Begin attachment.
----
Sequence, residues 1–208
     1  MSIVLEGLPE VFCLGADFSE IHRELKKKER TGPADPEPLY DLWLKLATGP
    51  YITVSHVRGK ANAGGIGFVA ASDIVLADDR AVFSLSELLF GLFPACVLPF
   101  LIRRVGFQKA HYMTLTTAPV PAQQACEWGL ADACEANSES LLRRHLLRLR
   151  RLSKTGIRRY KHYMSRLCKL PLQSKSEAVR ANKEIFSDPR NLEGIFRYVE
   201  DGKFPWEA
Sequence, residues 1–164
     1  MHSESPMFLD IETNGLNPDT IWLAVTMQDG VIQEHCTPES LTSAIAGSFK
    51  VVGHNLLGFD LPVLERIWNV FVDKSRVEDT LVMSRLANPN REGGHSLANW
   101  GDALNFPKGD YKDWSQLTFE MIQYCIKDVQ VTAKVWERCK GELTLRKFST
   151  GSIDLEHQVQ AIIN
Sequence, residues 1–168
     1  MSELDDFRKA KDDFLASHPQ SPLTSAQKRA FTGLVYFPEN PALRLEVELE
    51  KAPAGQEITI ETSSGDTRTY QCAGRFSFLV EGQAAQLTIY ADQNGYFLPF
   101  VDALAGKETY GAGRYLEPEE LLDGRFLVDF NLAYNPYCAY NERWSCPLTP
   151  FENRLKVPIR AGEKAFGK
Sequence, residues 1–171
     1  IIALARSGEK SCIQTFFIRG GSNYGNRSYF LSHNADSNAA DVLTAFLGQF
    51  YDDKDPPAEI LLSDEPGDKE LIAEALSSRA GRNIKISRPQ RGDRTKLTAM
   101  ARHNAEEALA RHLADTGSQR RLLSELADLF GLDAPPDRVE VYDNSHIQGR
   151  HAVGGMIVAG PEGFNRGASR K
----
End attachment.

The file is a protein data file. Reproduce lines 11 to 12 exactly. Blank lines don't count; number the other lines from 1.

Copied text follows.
   151  GSIDLEHQVQ AIIN
Sequence, residues 1–168